STRATFORD patients are to benefit from an innovative mental health service made possible through a £143,000 grant from the Stratford Town Trust.
The grant will be used to offer an additional service for the adult population, over and above statutory mental health provision in the area, with a view to potentially scaling the service across south Warwickshire in the future.
Active Monitoring, as it’s called, will be delivered by Springfield Mind, a mental health charity based in Stratford with over 30 years’ experience working with those living with low mental wellbeing and mental ill health across Warwickshire and Worcestershire.
Jo Min, Deputy Chief Executive of Springfield Mind, said: “The support we can give through Active Monitoring can be life changing for many individuals we work with. We have already had some very positive results elsewhere in England and Wales and are thrilled to have the funding to run a pilot scheme with all the GP practices in the Stratford-upon-Avon area.”
Active Monitoring is a needs-based, early intervention programme developed and co-designed by the national charity Mind and GPs to provide support to people in Stratford who visit their GP with symptoms of common mental health needs including stress, anxiety, depression and low self-esteem.
Patients will benefit from five face-to-face sessions of guided self-help with a trained Springfield Mind practitioner delivered from within their GP practice. The Stratford Town Trust grant will fund three Springfield Mind practitioners working across the four GP practices in Stratford for an initial period of 12 months, during which time the findings will be evaluated.
Rachel Jones with the Stratford Town Trust said: “We are delighted to be providing a grant to support the wellbeing of the people of Stratford. “We believe it will make a real difference to people’s lives and we will continue to be involved in the assessment of the Active Monitoring service over the 12-month period, working closely with our partners, NHS South Warwickshire Clinical Commissioning Group and Springfield Mind.”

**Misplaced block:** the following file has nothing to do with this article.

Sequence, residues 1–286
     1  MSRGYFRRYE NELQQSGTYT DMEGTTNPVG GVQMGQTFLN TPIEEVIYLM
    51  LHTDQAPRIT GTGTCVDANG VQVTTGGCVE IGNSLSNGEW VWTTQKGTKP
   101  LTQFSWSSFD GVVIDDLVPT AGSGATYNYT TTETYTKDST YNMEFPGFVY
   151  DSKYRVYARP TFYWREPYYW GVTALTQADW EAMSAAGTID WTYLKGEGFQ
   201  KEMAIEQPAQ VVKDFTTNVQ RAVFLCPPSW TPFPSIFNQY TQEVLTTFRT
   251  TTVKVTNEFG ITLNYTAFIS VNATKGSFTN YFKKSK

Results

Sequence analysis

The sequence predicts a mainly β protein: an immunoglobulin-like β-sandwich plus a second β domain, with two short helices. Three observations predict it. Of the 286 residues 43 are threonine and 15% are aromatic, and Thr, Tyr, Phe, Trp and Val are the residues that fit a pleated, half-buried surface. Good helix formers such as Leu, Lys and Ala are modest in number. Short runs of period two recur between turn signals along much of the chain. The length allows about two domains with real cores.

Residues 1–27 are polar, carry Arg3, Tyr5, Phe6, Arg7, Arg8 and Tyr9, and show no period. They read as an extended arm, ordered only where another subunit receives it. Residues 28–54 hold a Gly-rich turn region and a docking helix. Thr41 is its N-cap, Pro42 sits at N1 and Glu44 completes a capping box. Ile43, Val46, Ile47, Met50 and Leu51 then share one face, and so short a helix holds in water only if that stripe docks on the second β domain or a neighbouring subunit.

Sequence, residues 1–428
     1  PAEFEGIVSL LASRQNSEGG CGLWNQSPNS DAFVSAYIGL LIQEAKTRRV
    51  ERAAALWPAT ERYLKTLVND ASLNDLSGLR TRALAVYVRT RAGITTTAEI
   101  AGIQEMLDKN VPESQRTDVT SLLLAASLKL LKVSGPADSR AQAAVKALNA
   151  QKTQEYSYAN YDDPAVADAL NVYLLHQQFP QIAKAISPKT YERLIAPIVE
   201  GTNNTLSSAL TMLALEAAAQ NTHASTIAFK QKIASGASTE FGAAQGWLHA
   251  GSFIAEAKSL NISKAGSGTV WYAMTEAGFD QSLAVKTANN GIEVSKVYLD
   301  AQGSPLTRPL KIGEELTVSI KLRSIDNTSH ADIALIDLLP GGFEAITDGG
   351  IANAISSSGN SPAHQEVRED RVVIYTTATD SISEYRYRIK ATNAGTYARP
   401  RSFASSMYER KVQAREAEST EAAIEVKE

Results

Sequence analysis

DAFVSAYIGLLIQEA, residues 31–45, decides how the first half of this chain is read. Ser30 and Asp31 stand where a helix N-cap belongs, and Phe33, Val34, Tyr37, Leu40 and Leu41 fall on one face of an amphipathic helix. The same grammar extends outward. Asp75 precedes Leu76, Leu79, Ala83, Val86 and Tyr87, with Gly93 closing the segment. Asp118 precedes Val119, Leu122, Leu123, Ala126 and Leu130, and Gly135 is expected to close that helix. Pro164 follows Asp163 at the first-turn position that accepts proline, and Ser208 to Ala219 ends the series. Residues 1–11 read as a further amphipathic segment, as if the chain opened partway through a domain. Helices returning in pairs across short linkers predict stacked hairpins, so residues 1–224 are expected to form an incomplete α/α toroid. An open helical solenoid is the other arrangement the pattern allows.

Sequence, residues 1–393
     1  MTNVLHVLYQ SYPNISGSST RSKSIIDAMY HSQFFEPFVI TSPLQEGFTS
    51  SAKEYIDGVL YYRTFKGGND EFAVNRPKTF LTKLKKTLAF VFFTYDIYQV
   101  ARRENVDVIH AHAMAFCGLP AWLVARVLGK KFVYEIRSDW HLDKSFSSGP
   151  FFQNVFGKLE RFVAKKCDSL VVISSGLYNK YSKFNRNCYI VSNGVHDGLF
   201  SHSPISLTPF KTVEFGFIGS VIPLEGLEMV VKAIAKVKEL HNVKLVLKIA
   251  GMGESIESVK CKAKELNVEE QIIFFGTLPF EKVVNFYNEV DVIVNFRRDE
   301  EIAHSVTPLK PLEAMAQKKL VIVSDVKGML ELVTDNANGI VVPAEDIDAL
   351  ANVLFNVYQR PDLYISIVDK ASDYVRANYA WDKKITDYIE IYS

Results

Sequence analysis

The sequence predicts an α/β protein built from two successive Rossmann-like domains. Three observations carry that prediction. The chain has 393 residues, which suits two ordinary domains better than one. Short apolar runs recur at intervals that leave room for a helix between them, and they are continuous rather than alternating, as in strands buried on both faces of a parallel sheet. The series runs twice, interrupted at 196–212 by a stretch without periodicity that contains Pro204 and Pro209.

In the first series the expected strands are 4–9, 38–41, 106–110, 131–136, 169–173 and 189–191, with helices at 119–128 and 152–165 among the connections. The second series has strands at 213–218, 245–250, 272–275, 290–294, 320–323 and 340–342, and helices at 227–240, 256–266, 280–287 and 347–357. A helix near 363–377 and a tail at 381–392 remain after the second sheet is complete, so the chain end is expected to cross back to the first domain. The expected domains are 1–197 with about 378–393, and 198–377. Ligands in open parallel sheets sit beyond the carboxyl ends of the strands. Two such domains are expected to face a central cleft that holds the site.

National evidence shows that the service is helpful in improving mental health, with people being seen more quickly, avoiding the need to come back repeatedly to see their GP while waiting for an appointment.
“It has also given GPs an alternative treatment to try with their patients, often avoiding the need for future interventions.” Jessica, a mother of three from a nearby practice who has used the service, said: “I felt like I had been running on the treadmill for some time, lost my footing and fallen flat on my face. It was difficult on my children.
“I couldn’t be mum and do the jobs I needed to do at home. When the GP talked to me about waiting lists for alternative services I remember feeling really despondent. I do feel really fortunate that the Active Monitoring service was able to see me at a time when I needed the most help. The sessions were great, enabled me to get some control back and really made such a difference.”
Dr Ian Allwood, GP at Bridge House Medical Centre in Stratford and board member of NHS South Warwickshire Clinical Commissioning Group, said: “The new Active Monitoring service has the potential to make a significant difference for patients with common mental health problems.
“Many people currently wait for mental health symptoms to pass or wait to access support services. Now people in Stratford-upon-Avon can get more timely support from Springfield Mind.
The service is local, quick to access and face-to-face. We will be able to assess the findings from this pilot in Stratford with a view to opening up the service to a wider cohort of patients in the future.”